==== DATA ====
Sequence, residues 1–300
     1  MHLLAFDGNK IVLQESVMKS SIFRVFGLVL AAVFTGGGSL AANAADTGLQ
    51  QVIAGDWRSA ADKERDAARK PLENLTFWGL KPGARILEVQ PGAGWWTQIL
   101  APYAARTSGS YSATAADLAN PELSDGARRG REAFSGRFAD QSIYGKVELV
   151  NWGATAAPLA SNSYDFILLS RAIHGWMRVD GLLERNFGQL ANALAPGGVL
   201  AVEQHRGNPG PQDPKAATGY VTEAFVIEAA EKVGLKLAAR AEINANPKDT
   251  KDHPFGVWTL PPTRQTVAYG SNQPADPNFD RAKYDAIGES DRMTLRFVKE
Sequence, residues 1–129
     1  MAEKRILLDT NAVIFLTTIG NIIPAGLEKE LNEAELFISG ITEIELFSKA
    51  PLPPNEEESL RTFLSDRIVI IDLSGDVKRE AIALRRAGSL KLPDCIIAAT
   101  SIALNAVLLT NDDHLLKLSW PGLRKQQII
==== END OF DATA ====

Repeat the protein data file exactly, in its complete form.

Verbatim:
Sequence, residues 1–300
     1  MHLLAFDGNK IVLQESVMKS SIFRVFGLVL AAVFTGGGSL AANAADTGLQ
    51  QVIAGDWRSA ADKERDAARK PLENLTFWGL KPGARILEVQ PGAGWWTQIL
   101  APYAARTSGS YSATAADLAN PELSDGARRG REAFSGRFAD QSIYGKVELV
   151  NWGATAAPLA SNSYDFILLS RAIHGWMRVD GLLERNFGQL ANALAPGGVL
   201  AVEQHRGNPG PQDPKAATGY VTEAFVIEAA EKVGLKLAAR AEINANPKDT
   251  KDHPFGVWTL PPTRQTVAYG SNQPADPNFD RAKYDAIGES DRMTLRFVKE
Sequence, residues 1–129
     1  MAEKRILLDT NAVIFLTTIG NIIPAGLEKE LNEAELFISG ITEIELFSKA
    51  PLPPNEEESL RTFLSDRIVI IDLSGDVKRE AIALRRAGSL KLPDCIIAAT
   101  SIALNAVLLT NDDHLLKLSW PGLRKQQII